Of these there are many varieties on the market - all sorts, shapes, and sizes. Some of the older types, like the "wedge", "coil", and "conical", have been driven out altogether, even from private establishments, having been superseded by the "saddle" (of various designs), the upright and horizontal "tubu-lars", the "Cornish" or cylinder boiler. And during recent years the "sectional" boilers largely used on the Continent and in America have begun to find a footing amongst British growers.

What the market grower and nurseryman aims at above all things is to have a boiler that will not only wear well, but will generate the greatest amount of heat at the least expense of coal or coke, or labour in stoking. In addition to this, one that can be repaired easily is a great advantage.

At the present day perhaps the horizontal tubular boiler, as shown in fig. 171, is the most popular with large growers. The flues are in a direct line to the smoke shaft, a greater surface is exposed to the fire and consequently heat is generated more quickly; and in the event of a tube giving way a new one can be substituted in a very short time. A boiler of this description, 9 1/2 ft. long, is capable of heating 2000 ft. run of 4-in. pipe, the total cost for boiler and fittings being about 20.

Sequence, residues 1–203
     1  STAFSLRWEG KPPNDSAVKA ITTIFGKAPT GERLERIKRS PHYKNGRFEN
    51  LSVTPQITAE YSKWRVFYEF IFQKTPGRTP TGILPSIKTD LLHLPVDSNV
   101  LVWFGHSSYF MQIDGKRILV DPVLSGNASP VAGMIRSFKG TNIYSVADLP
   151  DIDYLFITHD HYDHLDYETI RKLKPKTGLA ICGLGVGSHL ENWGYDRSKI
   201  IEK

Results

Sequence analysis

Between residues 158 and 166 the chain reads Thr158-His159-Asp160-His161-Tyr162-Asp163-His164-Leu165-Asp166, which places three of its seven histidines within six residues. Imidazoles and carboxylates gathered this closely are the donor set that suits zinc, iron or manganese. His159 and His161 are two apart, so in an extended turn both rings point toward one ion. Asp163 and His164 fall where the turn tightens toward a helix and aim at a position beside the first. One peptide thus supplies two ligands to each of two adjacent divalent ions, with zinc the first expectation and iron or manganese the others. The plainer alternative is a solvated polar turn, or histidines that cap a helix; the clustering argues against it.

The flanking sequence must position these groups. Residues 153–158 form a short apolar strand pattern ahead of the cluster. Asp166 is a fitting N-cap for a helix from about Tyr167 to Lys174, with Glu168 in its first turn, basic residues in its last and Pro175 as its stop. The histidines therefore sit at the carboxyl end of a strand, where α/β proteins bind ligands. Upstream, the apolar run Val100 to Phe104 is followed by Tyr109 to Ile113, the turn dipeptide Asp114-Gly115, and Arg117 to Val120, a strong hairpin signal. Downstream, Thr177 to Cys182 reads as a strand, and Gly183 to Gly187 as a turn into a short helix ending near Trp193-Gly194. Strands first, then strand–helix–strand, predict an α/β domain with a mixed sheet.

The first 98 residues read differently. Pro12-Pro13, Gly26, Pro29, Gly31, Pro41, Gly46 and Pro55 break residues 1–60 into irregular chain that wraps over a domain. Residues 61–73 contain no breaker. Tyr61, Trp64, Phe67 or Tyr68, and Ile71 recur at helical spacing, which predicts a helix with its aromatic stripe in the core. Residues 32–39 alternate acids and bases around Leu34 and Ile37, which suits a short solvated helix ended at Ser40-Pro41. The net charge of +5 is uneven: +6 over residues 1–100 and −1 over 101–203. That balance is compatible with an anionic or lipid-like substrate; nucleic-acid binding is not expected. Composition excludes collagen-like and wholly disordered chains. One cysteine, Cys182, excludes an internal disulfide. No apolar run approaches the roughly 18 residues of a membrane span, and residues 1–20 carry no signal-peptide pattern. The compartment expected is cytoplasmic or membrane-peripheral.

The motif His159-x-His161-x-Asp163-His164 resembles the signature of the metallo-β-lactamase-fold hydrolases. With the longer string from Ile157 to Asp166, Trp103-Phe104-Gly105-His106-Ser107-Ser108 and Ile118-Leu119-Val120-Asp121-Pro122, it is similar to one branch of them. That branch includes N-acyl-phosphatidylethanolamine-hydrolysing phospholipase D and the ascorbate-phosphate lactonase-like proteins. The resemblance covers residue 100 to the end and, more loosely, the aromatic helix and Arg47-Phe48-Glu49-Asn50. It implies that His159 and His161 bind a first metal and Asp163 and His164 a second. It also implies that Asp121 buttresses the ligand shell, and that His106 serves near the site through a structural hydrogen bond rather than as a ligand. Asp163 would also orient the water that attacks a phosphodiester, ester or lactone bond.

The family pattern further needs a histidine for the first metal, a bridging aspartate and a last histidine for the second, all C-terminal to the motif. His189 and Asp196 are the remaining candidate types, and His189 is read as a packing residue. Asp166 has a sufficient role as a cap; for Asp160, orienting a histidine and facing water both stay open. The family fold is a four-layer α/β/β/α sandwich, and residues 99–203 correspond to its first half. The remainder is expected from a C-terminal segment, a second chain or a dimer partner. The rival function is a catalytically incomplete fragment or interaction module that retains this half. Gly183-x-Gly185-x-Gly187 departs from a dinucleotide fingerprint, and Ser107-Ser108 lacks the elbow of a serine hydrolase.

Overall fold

The duplex upright tubular boiler as shown in fig. 172, although extensively used in private places, is not so largely patronized by big market growers. This particular boiler is made in two equal parts each of which can be worked independent of the other in case of accident. As a rule the two sections are worked as one boiler, and this gives the advantage of two flows and two returns, which can be made independent of each other if necessary.

Rochford Horizontal Tubular Boiler.

Fig. 171. - Rochford Horizontal Tubular Boiler.

Weeks's Duplex Upright Tubular Boiler.

Fig. 172. - Weeks's Duplex Upright Tubular Boiler.